I know that colleagues have a number of questions that they want to ask, but I have a brief, final question about the role of G4S, which has produced the statistics for our briefings. Is it helpful for a commercial organisation to be involved in a process that also involves statutory bodies such as Police Scotland, criminal justice social work and the Scottish Prison Service? Should the entire regime not rest within the public sector, as I feel it should?
That did not come up as a major issue of concern in the inspectorates’ reports. I visited the G4S control centre to look at the regime in a bit more detail, and I was exceptionally pleased with the professionalism of the organisation and the people working in the centre and the diligence with which they did their jobs. I would not say at this stage that the commercial operation gives me huge concern.
Good morning, cabinet secretary. In response to John Finnie’s questions, you suggested that the dramatic reduction in the use of HDC was a reflection of risk aversion in the Scottish Prison Service. However, to some extent, the new presumptions against HDC are less about risk aversion and more about the more limited range of situations in which it might be presumed to be applicable. Is there any likelihood of that changing while those restrictions on the use of HDC are applied?
That is a very fair point. We would have to drill down further into the 75 per cent figure. However, I think that all of us who are in the political field or otherwise under media scrutiny have been in a position, individually or through our political parties or other institutions, in which the level of scrutiny has made us almost automatically risk averse. We all recognise that. Notwithstanding that, the point that Liam McArthur makes is correct. We have limited the scope for the use of HDC. It is important to say that there is not a ban on the use of HDC; there is a presumption against it for those who have an index offence for violence, for carrying an offensive weapon or a bladed article, or for having links to serious organised crime.
That does not mean that the number of HDCs cannot increase in the future. We may not see them reach the level that we saw under the previous regime before the presumptions were brought into place, but there is scope for HDC to increase with the legislation that is coming forward. If I take not just HDC but electronic monitoring in the round, the Government’s stated goal is to continue the expansion of electronic monitoring. In fact, this committee has produced reports to that effect concerning bail supervision and other parts of the criminal justice system.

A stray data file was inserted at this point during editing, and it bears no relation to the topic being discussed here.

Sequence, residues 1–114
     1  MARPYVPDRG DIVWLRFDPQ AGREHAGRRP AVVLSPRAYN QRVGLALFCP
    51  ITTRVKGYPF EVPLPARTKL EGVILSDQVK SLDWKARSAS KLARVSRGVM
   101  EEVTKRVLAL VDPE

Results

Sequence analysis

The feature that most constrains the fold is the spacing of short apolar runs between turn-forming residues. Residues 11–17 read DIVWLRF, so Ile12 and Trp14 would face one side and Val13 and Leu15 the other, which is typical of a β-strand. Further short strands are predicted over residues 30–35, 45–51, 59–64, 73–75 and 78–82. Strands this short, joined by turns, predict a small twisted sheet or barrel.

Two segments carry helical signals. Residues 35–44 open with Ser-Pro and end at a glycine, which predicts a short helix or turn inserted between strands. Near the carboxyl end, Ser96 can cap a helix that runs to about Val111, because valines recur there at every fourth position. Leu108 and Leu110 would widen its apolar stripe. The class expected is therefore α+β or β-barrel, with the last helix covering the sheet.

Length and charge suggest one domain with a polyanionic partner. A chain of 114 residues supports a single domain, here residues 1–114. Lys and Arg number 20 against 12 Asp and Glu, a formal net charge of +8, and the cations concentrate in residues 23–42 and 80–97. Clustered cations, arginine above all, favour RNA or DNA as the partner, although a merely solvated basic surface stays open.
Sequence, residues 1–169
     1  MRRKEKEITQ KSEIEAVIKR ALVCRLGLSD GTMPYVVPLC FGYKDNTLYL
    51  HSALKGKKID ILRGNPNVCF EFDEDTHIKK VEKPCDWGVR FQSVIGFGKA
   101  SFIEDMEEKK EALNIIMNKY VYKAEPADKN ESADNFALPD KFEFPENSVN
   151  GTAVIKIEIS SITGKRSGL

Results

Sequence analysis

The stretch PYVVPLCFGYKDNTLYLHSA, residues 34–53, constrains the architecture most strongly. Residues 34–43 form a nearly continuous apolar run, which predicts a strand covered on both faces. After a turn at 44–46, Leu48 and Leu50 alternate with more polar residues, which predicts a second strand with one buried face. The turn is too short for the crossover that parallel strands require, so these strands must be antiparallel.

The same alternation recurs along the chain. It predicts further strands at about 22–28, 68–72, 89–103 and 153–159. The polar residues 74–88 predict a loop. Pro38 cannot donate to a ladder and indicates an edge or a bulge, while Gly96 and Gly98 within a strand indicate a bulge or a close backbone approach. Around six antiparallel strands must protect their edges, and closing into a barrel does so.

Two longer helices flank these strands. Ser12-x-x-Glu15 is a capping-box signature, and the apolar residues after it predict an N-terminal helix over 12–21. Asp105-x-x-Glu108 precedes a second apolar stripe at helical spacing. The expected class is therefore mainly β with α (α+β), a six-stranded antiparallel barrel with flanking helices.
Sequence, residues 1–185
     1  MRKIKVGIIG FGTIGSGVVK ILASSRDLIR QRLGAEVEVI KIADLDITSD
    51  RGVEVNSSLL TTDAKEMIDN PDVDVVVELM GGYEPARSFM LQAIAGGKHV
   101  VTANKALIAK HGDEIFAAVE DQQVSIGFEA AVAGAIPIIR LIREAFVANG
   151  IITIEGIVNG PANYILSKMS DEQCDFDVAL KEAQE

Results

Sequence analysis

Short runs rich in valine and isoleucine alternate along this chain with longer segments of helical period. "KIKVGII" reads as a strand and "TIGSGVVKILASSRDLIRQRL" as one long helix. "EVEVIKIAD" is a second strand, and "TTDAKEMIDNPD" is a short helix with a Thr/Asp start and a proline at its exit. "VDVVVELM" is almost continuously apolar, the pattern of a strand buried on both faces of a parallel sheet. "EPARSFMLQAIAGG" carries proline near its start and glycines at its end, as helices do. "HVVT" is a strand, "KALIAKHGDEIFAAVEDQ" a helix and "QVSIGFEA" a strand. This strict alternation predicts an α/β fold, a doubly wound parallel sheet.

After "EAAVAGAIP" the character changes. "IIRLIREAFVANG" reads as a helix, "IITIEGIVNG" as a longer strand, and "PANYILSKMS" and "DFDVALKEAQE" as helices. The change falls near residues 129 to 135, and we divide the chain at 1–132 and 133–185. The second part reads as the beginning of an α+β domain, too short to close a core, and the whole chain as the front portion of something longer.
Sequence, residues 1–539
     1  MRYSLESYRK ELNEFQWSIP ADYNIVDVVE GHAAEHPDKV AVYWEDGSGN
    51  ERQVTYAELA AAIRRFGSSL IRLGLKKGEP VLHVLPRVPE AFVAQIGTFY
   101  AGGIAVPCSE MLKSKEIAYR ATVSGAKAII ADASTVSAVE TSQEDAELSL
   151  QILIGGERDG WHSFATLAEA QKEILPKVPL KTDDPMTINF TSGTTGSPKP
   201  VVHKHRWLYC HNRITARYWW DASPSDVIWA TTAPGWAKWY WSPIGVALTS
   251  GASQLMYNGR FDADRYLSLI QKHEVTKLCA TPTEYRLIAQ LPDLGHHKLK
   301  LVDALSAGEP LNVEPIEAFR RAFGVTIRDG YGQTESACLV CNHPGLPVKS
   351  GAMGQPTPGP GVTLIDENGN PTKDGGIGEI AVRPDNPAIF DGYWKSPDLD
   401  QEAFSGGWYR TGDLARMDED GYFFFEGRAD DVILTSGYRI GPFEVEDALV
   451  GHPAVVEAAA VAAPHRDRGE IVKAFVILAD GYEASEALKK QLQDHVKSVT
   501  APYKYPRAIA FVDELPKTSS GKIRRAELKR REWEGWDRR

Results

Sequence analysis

I take Liam McArthur’s point and we will look at it carefully.
That is helpful. However, I am struggling to understand what might encourage those numbers to go back up, albeit at an appropriate level. We are struggling to understand whether the previous level was exorbitantly high or the current level is unsustainably low when it comes to managing the integration of prisoners back into the community. Without the opportunity to manage that process in the way that HDC has enabled up until now, the presumption seems not only to have an impact on the overall size of the prison population but to increase the risk to communities from the return of prisoners back into the community.
Again, those are both fair points, which I will try to address. I will drill down into the figures in more detail, but my understanding is that the 75 per cent reduction is not necessarily all down to the presumption. I believe that there is an element of risk aversion. The governors are working on further guidance and we may see the numbers creep back up. However, Liam McArthur is right that, now that we have accepted the inspectorates’ recommendations and put a presumption in place, it is difficult to see the numbers rising dramatically to the point that they were at previously. I accept that point fully. Therefore, HDC will be part of how we collectively agree to lower prison numbers, but we will have to look at other options that we will address later in parliamentary proceedings.